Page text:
If any discussion of the biggest problems in web development, there is no doubt complexity comes up. Between the use of dozens of tools, dependencies, and complexities inherent in the languages themselves, complexity is part of the job. Modern web applications require new ways to think about how we handle processes. The problem of executing functions without a strict order or in unexpected moments — like the click of a button or an incoming network message — forces us to use different techniques, from callbacks and promises to more sophisticated tools like Reactive Extensions. It is not surprising to have systems composed of several thousands of lines of code, and things can easily get out of control at that scale. Even the slightest of changes could have unintended consequences. Runtime errors are extremely common with JavaScript, and if we are not careful we can find ourselves trying to make impossible…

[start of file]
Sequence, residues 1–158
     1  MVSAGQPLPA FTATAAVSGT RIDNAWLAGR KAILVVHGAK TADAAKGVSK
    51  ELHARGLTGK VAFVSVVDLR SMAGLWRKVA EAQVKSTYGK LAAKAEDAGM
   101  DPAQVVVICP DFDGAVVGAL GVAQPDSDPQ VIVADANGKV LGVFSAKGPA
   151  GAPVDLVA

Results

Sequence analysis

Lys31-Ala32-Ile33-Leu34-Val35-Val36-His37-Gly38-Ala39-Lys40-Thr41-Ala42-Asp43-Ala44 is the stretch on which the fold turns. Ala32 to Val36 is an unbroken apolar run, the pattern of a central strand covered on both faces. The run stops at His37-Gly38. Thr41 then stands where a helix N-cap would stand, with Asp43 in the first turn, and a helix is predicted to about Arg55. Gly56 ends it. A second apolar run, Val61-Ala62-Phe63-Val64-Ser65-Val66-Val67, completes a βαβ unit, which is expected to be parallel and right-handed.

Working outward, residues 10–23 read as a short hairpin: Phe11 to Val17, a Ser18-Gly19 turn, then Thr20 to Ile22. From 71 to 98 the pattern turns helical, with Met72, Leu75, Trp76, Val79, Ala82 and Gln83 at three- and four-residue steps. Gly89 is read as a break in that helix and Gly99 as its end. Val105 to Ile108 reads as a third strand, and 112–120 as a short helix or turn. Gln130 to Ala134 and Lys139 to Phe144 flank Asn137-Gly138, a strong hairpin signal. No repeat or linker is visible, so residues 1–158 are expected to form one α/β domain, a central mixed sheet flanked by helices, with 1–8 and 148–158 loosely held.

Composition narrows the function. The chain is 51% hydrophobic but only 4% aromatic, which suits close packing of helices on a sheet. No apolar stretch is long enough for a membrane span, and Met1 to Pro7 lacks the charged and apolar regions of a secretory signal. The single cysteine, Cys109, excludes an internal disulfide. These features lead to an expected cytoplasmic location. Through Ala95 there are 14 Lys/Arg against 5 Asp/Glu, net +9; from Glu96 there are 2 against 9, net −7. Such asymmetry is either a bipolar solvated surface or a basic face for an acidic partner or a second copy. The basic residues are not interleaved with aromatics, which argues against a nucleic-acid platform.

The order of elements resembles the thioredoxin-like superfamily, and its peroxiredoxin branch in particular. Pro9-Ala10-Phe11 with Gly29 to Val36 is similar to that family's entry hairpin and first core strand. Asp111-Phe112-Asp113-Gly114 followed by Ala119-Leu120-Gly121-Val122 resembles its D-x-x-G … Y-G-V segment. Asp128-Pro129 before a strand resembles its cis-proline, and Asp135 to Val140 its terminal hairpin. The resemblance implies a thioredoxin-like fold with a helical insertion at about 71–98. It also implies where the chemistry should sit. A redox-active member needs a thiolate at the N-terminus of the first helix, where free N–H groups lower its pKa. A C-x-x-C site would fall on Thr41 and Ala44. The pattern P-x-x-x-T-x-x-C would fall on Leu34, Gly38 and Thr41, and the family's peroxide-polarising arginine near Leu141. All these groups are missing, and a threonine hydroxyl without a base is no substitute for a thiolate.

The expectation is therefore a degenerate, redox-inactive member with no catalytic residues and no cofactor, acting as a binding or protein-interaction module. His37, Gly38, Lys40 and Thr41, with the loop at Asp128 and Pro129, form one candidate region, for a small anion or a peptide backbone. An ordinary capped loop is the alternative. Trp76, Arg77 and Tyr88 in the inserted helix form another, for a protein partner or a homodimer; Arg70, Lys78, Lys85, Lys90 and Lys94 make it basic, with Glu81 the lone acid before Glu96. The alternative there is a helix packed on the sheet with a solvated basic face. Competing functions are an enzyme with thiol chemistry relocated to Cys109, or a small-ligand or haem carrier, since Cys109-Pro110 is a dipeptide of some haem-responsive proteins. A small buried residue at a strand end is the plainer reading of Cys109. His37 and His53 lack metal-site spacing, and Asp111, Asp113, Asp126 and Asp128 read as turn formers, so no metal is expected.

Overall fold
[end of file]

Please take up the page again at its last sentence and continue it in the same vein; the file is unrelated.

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YouTube Revenue Report 2

Following up on my YouTube Revenue Report 1 I wanted to give an update for this month and also provide some more visibility into the ever-growing world of YouTube monetization. [Make sure you check out my new dedicated page collecting all of the reports as well as my actual financial dashboard!] Now, of course, I’m not an expert by any stretch of the imagination… but, I have been around for quite some time and know a few things about monetization and optimization as a whole that, at times, can be loosely applied to YouTube-centric money-making exercises. For those that are just joining me, please note that the reason that I’m doing YouTube at all (via a daily VLOG) is because I wanted a new creative challenge, something to make me grossly uncomfortable with myself. I also hate quitting on any personal challenge as well, so, there’s that. My…

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Why You Need To Use Facebook’s New Dynamic Mobile Install Ads Right Now